I recommend this article primarily for it's three funny illustrations; the copy is not likely to hold your attention for too long. It concerns civilian applications for military technology, such as that era's hand-held radios that were the wonder of the period. As you will see from the illustrations, the cartoonist recognized so well that such inventions could serve as the grandfather of the cell phone and he drew people on the street and driving cars -all chatting away on their walkie-talkies. Good fun.
The philatelists in our audience know well the G.I. stamps issued by the U.S. Post Office in 1945; what they may not know are some of the stories that lay behind them (some stories are sad and some are merely pathetic).
On the evening of March 26, 1944, fifteen O.S.S. agents were executed following a failed raid on Italian soil to blow-up an Axis railroad tunnel. The sabotage mission was in support of the allied attack taking place further south at Monte Cassino (Battle of Monte Cassino, January 17, 1944 – May 19, 1944) and had the tunnel been successfully blown, supplies to the defending Germans would have been cut off.
This YANK article reported on the first war crime trial of the post World War Two era: the trial of German General Anton Dostler (1891 - 1945), who gave the order to execute the O.S.S. prisoners. In his defense, General Dostler insisted that he was acting under the orders of General Gustav von Zangen, who denied the claim.
In late April of 1945, American tank crews south of Torgau (Germany) began to pick up the chattering of Soviet infantry units on their radios - the transmissions were generated by the advanced units of Marshal Konev's (1897 - 1973) First Ukrainian Army and both the allied units were elated to know that the other was nearby, for it meant one thing: the end of the war was at hand.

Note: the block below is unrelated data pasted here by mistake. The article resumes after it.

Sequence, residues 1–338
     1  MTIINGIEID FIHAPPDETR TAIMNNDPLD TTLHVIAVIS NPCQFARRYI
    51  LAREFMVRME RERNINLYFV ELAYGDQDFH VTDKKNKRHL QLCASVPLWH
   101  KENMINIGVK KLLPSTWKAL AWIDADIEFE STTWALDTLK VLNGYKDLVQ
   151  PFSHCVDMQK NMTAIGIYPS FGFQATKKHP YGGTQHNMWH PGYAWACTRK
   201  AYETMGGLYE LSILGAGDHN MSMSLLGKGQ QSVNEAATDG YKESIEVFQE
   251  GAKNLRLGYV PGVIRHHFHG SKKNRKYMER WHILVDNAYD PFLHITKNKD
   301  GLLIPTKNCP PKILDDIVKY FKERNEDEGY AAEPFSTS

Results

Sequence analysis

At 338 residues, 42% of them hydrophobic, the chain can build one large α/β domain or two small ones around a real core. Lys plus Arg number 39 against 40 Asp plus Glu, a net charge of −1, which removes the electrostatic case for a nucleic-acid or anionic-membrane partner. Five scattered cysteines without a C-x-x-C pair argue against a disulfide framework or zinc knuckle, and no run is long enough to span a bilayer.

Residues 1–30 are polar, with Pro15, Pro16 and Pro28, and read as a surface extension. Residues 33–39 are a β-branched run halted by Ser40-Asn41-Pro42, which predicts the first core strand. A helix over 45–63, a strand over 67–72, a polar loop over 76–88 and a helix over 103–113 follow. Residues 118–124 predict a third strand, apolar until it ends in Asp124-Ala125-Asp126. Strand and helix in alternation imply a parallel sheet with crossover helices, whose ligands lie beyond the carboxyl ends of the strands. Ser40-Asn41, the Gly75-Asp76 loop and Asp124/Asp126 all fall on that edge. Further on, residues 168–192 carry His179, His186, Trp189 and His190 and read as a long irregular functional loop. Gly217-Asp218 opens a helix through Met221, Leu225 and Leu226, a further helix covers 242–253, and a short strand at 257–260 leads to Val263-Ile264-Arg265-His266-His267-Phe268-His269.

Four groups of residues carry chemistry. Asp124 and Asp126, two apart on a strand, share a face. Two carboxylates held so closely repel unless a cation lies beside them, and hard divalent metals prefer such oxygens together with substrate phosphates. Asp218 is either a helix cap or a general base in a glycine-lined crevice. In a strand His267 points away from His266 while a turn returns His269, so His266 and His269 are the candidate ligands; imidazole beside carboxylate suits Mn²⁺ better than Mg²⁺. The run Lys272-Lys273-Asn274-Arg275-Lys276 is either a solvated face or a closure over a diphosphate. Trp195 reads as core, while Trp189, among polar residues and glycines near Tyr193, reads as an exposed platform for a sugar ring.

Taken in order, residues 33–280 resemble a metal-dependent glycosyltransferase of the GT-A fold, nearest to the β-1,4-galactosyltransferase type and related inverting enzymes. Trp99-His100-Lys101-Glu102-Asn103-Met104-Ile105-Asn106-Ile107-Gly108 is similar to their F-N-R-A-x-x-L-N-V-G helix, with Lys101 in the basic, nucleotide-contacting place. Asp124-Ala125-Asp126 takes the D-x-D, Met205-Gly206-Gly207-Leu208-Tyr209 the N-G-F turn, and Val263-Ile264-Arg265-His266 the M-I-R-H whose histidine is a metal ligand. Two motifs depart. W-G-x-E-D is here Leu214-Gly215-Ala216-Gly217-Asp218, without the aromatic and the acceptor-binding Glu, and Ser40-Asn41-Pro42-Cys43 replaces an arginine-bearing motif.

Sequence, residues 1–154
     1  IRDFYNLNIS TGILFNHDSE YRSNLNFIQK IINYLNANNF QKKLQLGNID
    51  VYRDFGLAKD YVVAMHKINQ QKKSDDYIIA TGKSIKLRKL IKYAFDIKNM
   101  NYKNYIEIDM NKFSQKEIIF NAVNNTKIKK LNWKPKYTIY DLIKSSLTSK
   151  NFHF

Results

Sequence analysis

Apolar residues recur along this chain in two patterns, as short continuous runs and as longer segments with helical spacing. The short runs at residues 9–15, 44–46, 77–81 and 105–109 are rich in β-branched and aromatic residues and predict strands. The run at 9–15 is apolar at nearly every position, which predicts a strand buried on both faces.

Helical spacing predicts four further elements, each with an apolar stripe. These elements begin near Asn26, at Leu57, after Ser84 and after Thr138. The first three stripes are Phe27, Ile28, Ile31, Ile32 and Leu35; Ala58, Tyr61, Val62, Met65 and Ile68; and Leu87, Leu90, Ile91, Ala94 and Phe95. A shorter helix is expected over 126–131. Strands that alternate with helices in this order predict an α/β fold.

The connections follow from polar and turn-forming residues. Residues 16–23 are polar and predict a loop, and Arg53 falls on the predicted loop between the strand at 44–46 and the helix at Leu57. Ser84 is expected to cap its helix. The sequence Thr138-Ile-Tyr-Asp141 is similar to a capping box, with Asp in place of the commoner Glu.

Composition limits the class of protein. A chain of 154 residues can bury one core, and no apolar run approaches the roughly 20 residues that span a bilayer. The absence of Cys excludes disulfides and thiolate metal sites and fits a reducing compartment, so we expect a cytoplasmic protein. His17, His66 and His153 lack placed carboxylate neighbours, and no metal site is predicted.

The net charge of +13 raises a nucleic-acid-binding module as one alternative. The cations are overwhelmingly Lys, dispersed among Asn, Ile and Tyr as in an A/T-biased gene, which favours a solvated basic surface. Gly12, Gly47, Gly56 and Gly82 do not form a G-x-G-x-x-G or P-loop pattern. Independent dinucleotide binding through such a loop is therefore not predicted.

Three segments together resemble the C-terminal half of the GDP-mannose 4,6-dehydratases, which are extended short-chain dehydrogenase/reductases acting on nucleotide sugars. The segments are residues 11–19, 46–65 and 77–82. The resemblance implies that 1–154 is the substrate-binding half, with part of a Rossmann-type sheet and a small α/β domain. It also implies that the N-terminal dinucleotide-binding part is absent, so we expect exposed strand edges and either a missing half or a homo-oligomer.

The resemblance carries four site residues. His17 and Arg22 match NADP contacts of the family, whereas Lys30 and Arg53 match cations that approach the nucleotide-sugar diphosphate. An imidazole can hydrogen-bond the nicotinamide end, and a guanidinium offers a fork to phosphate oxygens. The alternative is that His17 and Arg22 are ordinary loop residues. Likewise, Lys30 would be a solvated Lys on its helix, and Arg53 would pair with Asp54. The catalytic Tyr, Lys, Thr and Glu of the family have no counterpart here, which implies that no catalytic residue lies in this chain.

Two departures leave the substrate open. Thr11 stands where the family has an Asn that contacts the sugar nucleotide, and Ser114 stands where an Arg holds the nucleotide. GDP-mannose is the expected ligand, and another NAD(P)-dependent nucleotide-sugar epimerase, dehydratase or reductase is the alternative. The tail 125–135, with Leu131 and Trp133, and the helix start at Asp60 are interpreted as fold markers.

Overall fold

Thankfully, YANK's correspondent Ed Cummings was with the U.S. First Army when the two groups met at the Elbe River and he filed the attached article.
On January 26, 1942 the long awaited boatload of U.S. troops to Great Britain had finally arrived. The first American G.I. to step off the plank and plant his foot on British soil was Pfc. Milburn H. Henke of the 34th Infantry Division; and as the news spread throughout all of John Bull's island that help had arrived and the first guy had a German surname, the Brits (always big fans of irony) had a good laugh all around.
This article tells the tale of the 1st Battalion, 34th Division which had the distinction of being the longest serving U.S. combat unit in the course of the entire war. It was these men of the Mid-West who took it on the chin that day at Kasserine (America's first W.W. II battle, which was a defeat), avenged their dead at El Guettar, landed at Salerno, Anzio and fought their way up to Bologna. By the time the war ended, there weren't many of the original men left, but what few there were reminisce in this article. Interesting gripes about the problems of American uniforms can be read.
The YANK MAGAZINE editors remarked that this brief column, which was intended to help American G.I.s deal with panic attacks during combat, was written by the National Research Council and appeared in the Infantry Journal of 1943. It is a segment from a longer article titled, "Psychology for the Fighting Man". The psychologists who wrote it presented a number of examples of soldier's panic (mostly from the last war) and illustrate how best the front-line soldier could deal with this stress while the bullets are flying. Happily, they made it sound so easy.
Click here to read about one other effect the stress of combat wrought upon the luckless men of the Forties.